Taking folic acid was found to lower the risk of stroke. But the finding was largely driven by research from China, where deficiencies of the vitamin are common. The researchers said it was not clear that people who take folic acid in America, where foods are fortified with it, will get the same benefit.
Fish oil, one of the most popular supplements in America, is widely used for its omega-3 fatty acids, which are anti-inflammatory. A recent clinical trial found that high-risk patients who took very large doses of Vascepa, a purified form of omega-3 that is available by prescription only, had a reduction in cardiovascular events. Another study found that supplementing with fish oil could benefit people who eat very little seafood. But the majority of trials involving fish oil have been disappointing. Dr. Khan and his colleagues concluded that there was only weak evidence at best that taking fish oil could prevent heart disease.
“This just reinforces that the supplement story is so shaky,” said Dr. Eric Topol, a cardiologist and the founder of the Scripps Research Translational Institute, who wrote an editorial accompanying the new review. “Not only is there the potential for harm, but there’s also no hard evidence for good.”
When Dr. Khan and his co-authors looked at various diets recommended for cardiovascular prevention, they found a similar lack of solid evidence.
That was certainly the case for low-fat diets, which health authorities have recommended for decades as a way to lower cholesterol and heart disease risk. Dr. Khan and his colleagues found that the most rigorous randomized trials provided no evidence that eating less fat, including saturated fat, had an impact on mortality or cardiovascular outcomes. Low-fat diets have largely fallen out of favor among health authorities in recent years, though the federal government’s dietary guidelines still encourage people to limit their intake of foods rich in saturated fat, such as butter, meat and cheese.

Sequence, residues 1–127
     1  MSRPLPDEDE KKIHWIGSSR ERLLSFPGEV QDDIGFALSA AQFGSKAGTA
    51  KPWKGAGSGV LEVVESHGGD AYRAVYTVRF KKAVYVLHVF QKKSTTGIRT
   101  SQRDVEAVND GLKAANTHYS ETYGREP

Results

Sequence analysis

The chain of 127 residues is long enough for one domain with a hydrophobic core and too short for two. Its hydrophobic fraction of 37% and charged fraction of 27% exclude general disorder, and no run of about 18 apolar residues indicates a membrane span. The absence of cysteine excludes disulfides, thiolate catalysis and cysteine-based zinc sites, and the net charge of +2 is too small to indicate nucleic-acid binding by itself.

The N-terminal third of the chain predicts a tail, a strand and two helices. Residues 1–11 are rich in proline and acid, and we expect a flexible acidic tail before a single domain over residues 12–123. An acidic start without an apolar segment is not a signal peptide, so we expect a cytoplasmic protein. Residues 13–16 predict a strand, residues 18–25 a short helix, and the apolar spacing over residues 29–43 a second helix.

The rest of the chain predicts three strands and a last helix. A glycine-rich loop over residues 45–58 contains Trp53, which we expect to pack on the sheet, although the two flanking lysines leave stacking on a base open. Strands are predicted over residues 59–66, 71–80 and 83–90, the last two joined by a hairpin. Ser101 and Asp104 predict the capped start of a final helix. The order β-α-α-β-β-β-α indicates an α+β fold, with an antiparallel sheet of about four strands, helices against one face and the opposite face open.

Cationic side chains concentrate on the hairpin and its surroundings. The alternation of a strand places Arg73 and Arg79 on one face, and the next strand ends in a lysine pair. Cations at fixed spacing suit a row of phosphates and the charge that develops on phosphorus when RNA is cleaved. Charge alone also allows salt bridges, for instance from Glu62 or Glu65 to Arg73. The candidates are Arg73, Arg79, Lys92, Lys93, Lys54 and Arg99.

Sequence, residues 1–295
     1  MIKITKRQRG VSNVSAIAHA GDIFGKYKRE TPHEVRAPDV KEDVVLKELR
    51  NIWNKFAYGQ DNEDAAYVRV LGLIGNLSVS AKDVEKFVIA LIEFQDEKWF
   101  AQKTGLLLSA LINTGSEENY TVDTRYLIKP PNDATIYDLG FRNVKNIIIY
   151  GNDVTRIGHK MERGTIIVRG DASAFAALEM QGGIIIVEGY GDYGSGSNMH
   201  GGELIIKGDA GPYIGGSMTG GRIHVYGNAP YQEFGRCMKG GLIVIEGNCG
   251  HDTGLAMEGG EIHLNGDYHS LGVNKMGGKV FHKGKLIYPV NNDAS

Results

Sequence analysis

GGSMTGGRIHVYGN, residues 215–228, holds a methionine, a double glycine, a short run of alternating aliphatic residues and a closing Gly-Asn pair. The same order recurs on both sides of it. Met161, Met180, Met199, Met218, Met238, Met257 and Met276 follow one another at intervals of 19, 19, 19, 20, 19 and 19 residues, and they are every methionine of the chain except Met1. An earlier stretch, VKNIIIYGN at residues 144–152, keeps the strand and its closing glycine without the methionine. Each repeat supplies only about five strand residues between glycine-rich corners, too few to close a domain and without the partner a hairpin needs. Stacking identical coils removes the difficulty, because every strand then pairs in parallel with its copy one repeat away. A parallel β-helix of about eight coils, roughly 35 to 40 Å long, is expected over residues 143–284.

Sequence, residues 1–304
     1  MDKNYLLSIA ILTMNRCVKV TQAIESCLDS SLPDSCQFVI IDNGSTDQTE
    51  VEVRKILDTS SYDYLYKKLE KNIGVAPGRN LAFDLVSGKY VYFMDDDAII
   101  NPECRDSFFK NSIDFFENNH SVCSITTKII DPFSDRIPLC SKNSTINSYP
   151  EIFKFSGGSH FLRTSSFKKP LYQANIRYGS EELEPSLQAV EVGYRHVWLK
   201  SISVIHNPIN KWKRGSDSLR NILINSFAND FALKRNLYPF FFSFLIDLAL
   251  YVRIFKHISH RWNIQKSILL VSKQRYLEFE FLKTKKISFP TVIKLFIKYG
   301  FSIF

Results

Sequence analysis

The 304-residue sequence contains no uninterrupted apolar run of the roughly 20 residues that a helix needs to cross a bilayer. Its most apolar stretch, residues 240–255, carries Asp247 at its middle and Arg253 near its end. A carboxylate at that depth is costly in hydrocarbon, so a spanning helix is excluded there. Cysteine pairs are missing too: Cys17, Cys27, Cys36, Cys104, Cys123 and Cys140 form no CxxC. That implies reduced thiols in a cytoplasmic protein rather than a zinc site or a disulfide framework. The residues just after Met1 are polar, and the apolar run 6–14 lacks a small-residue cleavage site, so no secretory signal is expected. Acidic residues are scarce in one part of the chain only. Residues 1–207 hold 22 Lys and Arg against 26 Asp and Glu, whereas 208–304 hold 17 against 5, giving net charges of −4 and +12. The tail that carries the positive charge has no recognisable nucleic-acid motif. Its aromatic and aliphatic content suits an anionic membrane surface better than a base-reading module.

One diet that remains highly touted by health authorities is the Mediterranean diet, with its abundance of whole grains, beans, nuts, fruits and vegetables and olive oil. While clinical trials have found that it reduces cardiovascular risk, some of the major ones have been flawed, and experts who have scrutinized the evidence for the diet have urged caution.
One of the largest and most publicized Mediterranean diet trials, called Predimed and published in 2013, found that it reduced heart attacks and strokes. But last year it was retracted because of methodological problems. The Predimed authors published a new analysis of their data, claiming their conclusions had not changed. But other Mediterranean diet trials have been embroiled in similar controversies. After analyzing data from all the relevant trials, Dr. Khan and his colleagues found that “the totality of evidence did not favor the Mediterranean diet for cardiovascular outcomes.”